Go back on vacation, it was "pleasant" without you.

Cholo is a bully, and talk about "hiding". Oh thats right YOU are the voice of authority and reason ;-) HAHAHAHAHAHAHAHA


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Posted by Cholo
a resident of Livermore
on Aug 12, 2008 at 2:25 pm

RLL...you sure know how to crush a person!!! All I can say is that EVERYBODY in London thinks that I'm WAY COOL! HOORAY!

If you can't listen to the voice of reason, then talk to me!

Tee hee hee, tee hee hee...

Pssssssst...I'd like to know who the folks are on this thread that are Illegals? FESS UP MES PETITES...


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Posted by Cholo
a resident of Livermore
on Aug 12, 2008 at 2:34 pm

My fellow Americans, I plead with you not to allow your children to get involved with STEROIDS!

BASEBALL = STEROIDS!


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Posted by FWIW
a resident of Another Pleasanton neighborhood
on Aug 12, 2008 at 3:24 pm

Symptoms of manic phase of bi-polar disorder can include:

elation
short temper
changing from short temper to elation and back again very quickly
overactivity
being easily distracted
not sleeping
overeating
increase in sexual desire
moving very quickly from topic to topic in conversation, making it very difficult for others to keep up
speaking so quickly that it's difficult to understand all the words being said
having very grandiose ideas


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Posted by Cholo
a resident of Livermore
on Aug 13, 2008 at 2:06 pm

FWIW...you sure know how to copy a list correctly! Now, please explain what you mean by "bi-polar" disorder. Also, what phase of mania are you referring to? Is there ever a differential? What else could possibly mimic a manic presentation? Just asking...hmmmmmmmmmmmm...

You list means nothing, is there a context?


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Posted by Cholo
a resident of Livermore
on Aug 13, 2008 at 2:07 pm

Correction: Your list means nothing...


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Posted by Cholo
a resident of Livermore
on Aug 14, 2008 at 11:54 am

Dear Plutonians:
It's a disservice to provide information that leads you to conclude that a list of symptoms constitutes a diagnosis. In my opinion, FMIW has a simplistic understanding of diagnosis and expressing anger.

Diagnosis provides a protocol so that one can begin the process of understanding and providing treatment. In the process, there are always rule outs. In addition, disorders can mimic one another. That's why differential diagnosis is critical in caring for a patient.

I'm waiting for a response from FMIW so that we can further understand your intent in listing a laundry list of symptoms that imply that Cholo is mentally ill. tee hee hee, tee hee hee...I'm waiting FMIW...

Incidentally, my vacation was "pleasant" without you RLL...tee hee hee, tee hee hee...


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Posted by Cholo
a resident of Livermore
on Aug 14, 2008 at 12:01 pm

Correction: post is addressed to FWIW.
...is expressing anger...
...various disorders can mimic one another...

Lets play ball...catch the fly! HOORAY!

FWIW...EVERYBODY IN LONDON WAS WRAPPED UP WITH CHOLO...TEE HEE HEE, TEE HEE HEE...



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Posted by Doo Doo
a resident of Valley Trails
on Aug 14, 2008 at 12:44 pm

Wasn't this thread about Youth Sports?


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Posted by Cholo
a resident of Livermore
on Aug 14, 2008 at 2:00 pm

Hi there tidy bowl...you can thank FWIW for allowing personal hostility to get the upper hand! You're right, it WAS about youth sports! Play on...

Looking forward to a reasonable explanation FWIW...surprised that I understand clinical diagnosis and your diagnostic anger? tee hee hee, tee hee hee...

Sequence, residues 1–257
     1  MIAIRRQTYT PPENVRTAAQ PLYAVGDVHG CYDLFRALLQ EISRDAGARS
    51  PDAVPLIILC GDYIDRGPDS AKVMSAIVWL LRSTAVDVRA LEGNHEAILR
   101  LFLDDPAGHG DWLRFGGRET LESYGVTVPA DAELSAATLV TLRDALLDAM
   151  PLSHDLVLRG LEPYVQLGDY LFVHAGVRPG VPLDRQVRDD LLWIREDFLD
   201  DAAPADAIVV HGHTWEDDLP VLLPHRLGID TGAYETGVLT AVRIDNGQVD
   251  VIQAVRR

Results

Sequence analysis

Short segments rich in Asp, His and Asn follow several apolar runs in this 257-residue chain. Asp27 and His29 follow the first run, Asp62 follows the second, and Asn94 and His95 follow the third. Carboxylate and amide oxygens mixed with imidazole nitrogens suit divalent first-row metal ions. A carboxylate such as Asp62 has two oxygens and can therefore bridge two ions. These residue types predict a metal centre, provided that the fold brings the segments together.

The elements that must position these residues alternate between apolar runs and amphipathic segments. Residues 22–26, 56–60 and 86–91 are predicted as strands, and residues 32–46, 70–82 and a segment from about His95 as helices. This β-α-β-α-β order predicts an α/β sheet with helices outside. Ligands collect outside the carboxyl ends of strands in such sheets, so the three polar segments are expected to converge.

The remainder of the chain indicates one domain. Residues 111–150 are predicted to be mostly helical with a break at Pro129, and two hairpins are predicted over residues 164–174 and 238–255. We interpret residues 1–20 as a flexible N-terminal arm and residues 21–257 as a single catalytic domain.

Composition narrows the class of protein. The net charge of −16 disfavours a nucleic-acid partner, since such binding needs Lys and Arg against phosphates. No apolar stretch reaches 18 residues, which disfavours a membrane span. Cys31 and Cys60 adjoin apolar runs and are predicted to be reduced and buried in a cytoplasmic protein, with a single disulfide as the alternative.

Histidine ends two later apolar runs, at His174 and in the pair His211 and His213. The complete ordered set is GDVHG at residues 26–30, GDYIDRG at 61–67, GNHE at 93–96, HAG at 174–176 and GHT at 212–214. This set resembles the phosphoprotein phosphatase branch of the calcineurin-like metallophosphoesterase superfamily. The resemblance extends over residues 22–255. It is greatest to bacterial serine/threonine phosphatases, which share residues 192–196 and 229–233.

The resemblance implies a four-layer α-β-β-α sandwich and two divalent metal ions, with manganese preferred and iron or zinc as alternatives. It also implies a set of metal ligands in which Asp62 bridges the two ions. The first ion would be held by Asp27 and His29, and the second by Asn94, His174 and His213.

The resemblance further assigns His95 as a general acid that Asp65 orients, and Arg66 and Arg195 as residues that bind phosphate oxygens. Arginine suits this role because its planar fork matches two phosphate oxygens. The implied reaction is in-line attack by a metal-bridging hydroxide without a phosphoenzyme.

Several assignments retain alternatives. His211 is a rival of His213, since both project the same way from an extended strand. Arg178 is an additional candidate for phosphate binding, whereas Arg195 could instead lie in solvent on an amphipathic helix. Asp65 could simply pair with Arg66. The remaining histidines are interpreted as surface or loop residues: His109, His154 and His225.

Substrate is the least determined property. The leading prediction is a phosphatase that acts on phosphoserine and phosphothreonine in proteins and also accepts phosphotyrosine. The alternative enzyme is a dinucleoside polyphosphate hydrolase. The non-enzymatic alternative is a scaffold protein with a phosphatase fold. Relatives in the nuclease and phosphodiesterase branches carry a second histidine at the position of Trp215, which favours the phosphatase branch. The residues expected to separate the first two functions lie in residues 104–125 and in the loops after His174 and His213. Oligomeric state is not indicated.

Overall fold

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Posted by RLL
a resident of Amador Valley High School
on Aug 15, 2008 at 9:46 am

How did Cholo exist for any period of time without a keyboard in front of him 24/7 tehehehhe.... It is interesting that someone _must_ have the last word on every subject ever written about.

Your comments Cholo in most cases are simply another form of graphiti. You are a bully with a keyboard.


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Posted by Cholo
a resident of Livermore
on Aug 15, 2008 at 11:36 am

Hey RLL, I have an electric keyboard that I can't play. Wanna buy it at a good price?


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Posted by RLL
a resident of Amador Valley High School
on Aug 15, 2008 at 5:11 pm

Stay on topic, learn to play "take me out to the ball game" tee hee hee hee hee hee.... Cholo be gone


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Posted by Cholo
a resident of Livermore
on Aug 15, 2008 at 10:34 pm

What a scream...there's a subject...hahahahhahahahahahahahahahahahaha...
the BEAST IS AMONGST US...RUN FOR YOUR LIVES...BE GONE BEAST!!!


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Posted by stick to the topic
a resident of Amador Valley High School
on Aug 15, 2008 at 10:45 pm

The topic was what?
Politics in youth sports and the in justice caused by those who are deserving not getting what is due to them because they earned it
Stick to the topic at hand.


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Posted by Cholo
a resident of Livermore
on Aug 16, 2008 at 10:52 am

Say what? What injustice? What hand are you referring to? Left or right?

BASEBALL = STEROIDS, I rest my case!

HAHAHAHAHAHAHAHAHAHAHAHAHAHAHAHAHAHAHAHAHAHAHAHAHAHAHAHAHAHAHAHAHAHAHAHA


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Posted by Insane
a resident of Livermore
on Aug 16, 2008 at 2:18 pm

Cholo = INSANE I rest my case HAHAHAHHAHAHAHAHHAHAHAHHAHAH


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Posted by stick to the topic
a resident of Amador Valley High School
on Aug 17, 2008 at 9:46 pm

Chloo do you have nothing better to do then make comments and provive opinions that make no sense and have nothing to do with the topic at hand? Your name fits your level of responses.


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Posted by Cholo
a resident of Livermore
on Aug 25, 2008 at 10:16 am

baseball is for the birds!

if you can't live and you can't die, make a list...


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Posted by Jeb Bing
editor of the Pleasanton Weekly
on Aug 25, 2008 at 2:12 pm

Jeb Bing is a registered user.

This topic has run its course. Thanks for posting.


Sorry, but further commenting on this topic has been closed.